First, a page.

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Costing Measures

In: Business and Management

Submitted By thelostkid
Words 12077
Pages 49
McGraw-Hill/Irwin 2002 The McGraw-Hill Companies, Inc.
Managerial Accounting, 5/e 10-1
Standard Costing and Performance Measures for
Today’s Manufacturing Environment
10-1 Management by exception is a managerial technique in which only significant deviations from expected performance are investigated.
10-2 Any control system has three basic parts: a predetermined or standard performance level, a measure of actual performance, and a comparison between standard and actual performance. The system works by making the comparison between actual and standard performance and then taking action to bring about a desired consequence. 10-3 One method of setting standards is the analysis of historical data. Historical cost data provide an indicator of future costs. The methods for analyzing cost behavior described in Chapter 7 are used to predict future costs on the basis of historical costs. These predictions then form the basis for setting standards. Another method for setting standards is task analysis, which is the analysis of a production process to determine what it should cost to produce a product or service. The emphasis shifts from what the product did cost in the past to what it should cost in the future.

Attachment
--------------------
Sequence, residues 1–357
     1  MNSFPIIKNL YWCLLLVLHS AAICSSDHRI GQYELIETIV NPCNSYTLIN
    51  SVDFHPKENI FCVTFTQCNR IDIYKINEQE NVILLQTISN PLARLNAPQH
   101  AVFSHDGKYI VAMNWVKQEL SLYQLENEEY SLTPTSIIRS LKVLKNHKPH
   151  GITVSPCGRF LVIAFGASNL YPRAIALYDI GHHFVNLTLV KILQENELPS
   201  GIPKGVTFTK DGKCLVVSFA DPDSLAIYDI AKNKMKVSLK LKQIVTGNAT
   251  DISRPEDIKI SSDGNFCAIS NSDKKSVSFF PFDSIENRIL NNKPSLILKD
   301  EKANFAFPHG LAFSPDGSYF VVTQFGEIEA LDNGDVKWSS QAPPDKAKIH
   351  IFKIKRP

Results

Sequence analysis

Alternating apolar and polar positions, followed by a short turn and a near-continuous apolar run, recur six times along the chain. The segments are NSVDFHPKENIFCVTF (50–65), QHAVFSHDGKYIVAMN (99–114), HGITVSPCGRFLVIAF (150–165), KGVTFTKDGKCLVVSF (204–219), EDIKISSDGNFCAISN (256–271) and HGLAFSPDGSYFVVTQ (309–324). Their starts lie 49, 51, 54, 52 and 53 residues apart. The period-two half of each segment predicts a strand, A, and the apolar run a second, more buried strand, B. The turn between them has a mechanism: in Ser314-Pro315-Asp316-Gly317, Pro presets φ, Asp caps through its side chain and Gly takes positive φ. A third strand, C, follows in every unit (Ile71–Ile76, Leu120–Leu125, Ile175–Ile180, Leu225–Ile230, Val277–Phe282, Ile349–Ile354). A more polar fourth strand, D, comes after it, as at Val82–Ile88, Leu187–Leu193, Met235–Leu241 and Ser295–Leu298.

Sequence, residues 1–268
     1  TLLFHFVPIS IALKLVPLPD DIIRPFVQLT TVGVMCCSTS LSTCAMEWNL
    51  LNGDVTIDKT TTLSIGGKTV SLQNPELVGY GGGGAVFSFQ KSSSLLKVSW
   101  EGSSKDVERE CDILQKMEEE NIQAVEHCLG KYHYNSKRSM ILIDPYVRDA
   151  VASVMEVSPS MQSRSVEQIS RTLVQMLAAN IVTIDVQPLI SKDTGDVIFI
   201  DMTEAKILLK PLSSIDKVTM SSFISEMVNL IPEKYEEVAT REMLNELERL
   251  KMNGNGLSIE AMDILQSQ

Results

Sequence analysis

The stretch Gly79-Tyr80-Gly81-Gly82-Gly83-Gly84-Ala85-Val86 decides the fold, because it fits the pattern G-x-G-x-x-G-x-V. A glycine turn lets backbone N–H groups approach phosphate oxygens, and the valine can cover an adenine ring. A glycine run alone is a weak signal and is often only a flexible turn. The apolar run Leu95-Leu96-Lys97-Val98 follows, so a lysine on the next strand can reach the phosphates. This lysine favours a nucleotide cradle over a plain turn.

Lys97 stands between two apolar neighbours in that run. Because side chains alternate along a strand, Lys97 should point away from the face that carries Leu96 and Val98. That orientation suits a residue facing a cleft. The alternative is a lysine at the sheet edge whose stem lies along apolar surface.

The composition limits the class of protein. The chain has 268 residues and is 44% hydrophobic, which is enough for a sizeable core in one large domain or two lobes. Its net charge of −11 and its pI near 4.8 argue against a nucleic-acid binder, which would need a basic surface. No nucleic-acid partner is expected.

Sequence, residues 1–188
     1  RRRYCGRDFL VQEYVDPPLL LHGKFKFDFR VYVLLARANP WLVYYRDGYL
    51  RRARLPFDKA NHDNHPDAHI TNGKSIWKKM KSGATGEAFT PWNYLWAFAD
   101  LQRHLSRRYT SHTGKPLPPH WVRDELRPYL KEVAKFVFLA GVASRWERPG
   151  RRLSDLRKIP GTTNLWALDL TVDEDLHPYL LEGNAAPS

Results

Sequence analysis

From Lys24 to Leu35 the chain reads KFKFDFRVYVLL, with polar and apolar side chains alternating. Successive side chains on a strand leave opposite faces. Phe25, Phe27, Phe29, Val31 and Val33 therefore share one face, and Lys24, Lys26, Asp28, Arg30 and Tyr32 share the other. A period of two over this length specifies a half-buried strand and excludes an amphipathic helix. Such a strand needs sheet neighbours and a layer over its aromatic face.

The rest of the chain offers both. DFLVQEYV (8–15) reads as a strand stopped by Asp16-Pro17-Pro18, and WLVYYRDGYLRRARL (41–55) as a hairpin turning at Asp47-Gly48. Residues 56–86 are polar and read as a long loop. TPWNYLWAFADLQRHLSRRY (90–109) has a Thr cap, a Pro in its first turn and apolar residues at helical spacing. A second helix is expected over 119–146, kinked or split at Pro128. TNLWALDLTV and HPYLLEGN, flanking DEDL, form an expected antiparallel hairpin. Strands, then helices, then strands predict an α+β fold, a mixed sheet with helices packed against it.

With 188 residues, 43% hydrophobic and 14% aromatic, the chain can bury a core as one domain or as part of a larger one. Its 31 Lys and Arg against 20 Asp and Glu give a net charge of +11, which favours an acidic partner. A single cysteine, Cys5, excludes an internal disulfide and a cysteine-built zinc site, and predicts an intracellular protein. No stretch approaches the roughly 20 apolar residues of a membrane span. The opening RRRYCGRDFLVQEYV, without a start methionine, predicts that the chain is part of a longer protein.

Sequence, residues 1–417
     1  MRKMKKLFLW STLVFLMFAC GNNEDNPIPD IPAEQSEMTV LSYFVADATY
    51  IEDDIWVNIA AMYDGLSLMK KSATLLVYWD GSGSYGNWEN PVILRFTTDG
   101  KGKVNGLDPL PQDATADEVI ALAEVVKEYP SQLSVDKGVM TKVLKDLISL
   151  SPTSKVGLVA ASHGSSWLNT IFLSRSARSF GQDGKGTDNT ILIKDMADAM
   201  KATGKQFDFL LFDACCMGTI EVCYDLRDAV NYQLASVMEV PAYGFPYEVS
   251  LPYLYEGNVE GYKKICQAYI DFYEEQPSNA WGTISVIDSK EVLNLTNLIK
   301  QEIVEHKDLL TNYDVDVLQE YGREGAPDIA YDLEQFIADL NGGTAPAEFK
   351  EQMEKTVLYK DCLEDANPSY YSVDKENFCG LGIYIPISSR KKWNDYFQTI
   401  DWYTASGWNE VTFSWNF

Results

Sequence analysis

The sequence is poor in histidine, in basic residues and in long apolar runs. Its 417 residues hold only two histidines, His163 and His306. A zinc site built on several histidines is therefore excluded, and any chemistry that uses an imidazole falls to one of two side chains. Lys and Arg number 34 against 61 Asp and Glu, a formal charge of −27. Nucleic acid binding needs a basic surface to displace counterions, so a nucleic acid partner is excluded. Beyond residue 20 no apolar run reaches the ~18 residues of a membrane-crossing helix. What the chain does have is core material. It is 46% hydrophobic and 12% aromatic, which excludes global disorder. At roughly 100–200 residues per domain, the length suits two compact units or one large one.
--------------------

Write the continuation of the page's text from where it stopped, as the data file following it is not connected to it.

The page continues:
An example of task analysis is a time-and-motion study conducted to determine how long each step performed by direct laborers should require.
10-4 A perfection (or ideal) standard is the cost expected under perfect or ideal operating conditions. A practical (or attainable) standard is the cost expected under normal operating conditions. Many behavioral scientists question the effectiveness of perfection standards. They feel that employees are more likely to perform well when they strive to achieve an attainable standard than when they strive, often unsuccessfully, to achieve a perfection standard.

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